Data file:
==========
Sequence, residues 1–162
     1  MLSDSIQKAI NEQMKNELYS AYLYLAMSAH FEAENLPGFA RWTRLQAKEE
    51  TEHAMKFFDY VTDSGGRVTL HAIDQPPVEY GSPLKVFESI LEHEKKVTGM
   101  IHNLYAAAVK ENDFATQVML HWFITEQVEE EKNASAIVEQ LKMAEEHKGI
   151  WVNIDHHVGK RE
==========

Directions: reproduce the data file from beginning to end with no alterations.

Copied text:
Sequence, residues 1–162
     1  MLSDSIQKAI NEQMKNELYS AYLYLAMSAH FEAENLPGFA RWTRLQAKEE
    51  TEHAMKFFDY VTDSGGRVTL HAIDQPPVEY GSPLKVFESI LEHEKKVTGM
   101  IHNLYAAAVK ENDFATQVML HWFITEQVEE EKNASAIVEQ LKMAEEHKGI
   151  WVNIDHHVGK RE